I was on jury duty last week. I won’t go into all the details, but suffice it to say it was a criminal case and we ended up finding the defendant guilty. He will probably go to prison and it’s sobering to realize that you may have had something to do with sealing his fate. Choice does matter, though sometimes more than others.
So what do juries have to do with marketing and what is the connection between jury trials and social media? Well there’s the obvious, that a jury is just like any other audience and the lawyers are like competing brand marketers trying to spin their narrative so that you will choose one side over the other. But I think it goes a little deeper than that. Being a juror, I was not only a member of the target audience, but also a key influencer on the decision of the rest of the audience; the jury.
The attorneys did their best to convince us, from their opening statements where they each painted vastly different scenarios, through the presentation of evidence and down to their closing arguments where they tried to make the sale. But, back in the jury room, we saw right through the manipulations of “facts” and in the end pretty much discounted everything the lawyers said and relied on our own judgments and the perceptions and persuasiveness of our fellow jurors. We believed each other because we knew we had no vested interest in the outcome, except for making the right choice.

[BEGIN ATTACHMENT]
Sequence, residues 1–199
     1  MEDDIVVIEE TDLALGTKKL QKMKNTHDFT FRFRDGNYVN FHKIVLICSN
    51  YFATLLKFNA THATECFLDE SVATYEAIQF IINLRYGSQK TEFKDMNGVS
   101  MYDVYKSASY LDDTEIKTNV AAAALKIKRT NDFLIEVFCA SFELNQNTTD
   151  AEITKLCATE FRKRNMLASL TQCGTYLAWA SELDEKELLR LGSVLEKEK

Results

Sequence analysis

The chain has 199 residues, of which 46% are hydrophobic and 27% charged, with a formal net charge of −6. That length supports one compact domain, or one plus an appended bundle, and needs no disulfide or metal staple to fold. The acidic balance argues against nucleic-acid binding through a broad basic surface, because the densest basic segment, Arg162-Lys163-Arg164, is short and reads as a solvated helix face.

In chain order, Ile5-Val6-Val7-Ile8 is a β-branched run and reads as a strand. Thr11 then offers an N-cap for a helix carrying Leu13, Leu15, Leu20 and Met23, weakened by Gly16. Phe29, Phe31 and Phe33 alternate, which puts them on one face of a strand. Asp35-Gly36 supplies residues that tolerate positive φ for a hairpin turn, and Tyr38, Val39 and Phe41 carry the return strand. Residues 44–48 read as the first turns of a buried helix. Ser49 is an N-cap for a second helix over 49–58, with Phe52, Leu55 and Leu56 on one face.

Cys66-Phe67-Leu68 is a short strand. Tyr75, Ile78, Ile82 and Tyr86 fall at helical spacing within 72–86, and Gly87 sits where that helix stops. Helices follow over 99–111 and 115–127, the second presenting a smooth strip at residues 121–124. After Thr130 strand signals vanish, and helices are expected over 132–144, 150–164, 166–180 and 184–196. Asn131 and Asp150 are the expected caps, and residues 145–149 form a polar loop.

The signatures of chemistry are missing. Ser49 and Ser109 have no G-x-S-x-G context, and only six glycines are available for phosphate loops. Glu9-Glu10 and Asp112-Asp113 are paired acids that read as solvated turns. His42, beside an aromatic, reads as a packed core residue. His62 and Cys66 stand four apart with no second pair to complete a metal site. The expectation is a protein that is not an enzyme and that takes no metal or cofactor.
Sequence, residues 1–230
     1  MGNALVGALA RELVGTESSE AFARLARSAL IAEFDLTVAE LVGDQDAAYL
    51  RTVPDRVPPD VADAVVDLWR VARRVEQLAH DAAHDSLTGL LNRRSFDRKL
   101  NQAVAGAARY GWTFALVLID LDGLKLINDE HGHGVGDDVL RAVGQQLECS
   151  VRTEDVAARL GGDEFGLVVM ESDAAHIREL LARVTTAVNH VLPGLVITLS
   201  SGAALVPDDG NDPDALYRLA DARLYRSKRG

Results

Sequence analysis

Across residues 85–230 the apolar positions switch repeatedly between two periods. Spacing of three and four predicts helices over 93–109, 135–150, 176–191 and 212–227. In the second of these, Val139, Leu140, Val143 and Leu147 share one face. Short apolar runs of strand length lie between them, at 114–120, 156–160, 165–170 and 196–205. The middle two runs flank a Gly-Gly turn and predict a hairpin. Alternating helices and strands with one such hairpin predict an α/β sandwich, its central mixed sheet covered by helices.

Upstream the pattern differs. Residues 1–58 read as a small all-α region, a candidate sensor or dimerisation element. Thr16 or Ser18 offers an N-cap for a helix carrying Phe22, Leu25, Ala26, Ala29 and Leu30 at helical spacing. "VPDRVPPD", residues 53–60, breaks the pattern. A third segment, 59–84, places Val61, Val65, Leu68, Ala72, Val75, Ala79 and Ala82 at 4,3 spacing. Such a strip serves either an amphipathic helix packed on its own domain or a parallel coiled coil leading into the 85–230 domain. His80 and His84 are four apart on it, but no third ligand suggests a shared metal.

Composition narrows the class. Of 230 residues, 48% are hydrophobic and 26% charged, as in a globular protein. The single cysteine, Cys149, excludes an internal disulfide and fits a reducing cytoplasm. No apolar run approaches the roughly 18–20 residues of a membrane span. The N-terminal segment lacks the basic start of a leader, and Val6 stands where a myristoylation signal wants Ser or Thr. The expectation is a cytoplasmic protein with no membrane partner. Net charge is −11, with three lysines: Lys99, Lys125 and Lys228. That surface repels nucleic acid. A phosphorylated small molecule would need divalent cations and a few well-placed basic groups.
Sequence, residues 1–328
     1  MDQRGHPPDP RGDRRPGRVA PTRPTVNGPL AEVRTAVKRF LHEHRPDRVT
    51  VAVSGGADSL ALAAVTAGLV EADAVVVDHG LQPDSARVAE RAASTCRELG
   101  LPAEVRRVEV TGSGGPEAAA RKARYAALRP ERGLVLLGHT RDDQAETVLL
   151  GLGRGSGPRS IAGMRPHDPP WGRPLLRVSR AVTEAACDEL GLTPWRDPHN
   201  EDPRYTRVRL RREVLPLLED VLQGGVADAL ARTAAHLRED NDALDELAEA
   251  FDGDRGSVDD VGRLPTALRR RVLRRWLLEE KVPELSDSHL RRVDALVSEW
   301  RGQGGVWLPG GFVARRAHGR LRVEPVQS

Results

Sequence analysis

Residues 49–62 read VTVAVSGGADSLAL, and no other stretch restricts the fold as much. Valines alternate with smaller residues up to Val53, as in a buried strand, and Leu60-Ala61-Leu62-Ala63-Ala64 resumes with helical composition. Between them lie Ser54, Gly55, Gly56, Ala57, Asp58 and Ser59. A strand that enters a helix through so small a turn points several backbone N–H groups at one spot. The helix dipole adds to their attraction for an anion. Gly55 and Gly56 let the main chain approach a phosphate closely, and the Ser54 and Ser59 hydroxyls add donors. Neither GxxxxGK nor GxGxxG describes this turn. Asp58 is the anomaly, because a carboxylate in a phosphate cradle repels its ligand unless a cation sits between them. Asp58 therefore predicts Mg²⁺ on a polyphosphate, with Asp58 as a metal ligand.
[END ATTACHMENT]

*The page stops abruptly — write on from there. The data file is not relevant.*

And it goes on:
Again, what does this have to do with social media? Well, to my mind, the lawyers were like traditional advertising. They sure looked sharp when they were presenting, but after you got out of the room, their pitches went right out the door. What prevailed was the common sense and back and forth examination of the evidence and intelligent choices made by consensus. To me, this is a perfect embodiment of what social media is all about. Social media gives us the opportunity to reach out to our fellow consumers (jurors), listen to each other’s arguments and through discussion and interaction, reach a conclusion that results in a choice being made. In this case, the choice was guilty or not. For consumers it may one brand over another.
I left the jury room feeling I had made the best choice I could have and I was supported in that decision by my fellow jurors. I only hope I will feel that way next month when I start looking for a new wireless carrier.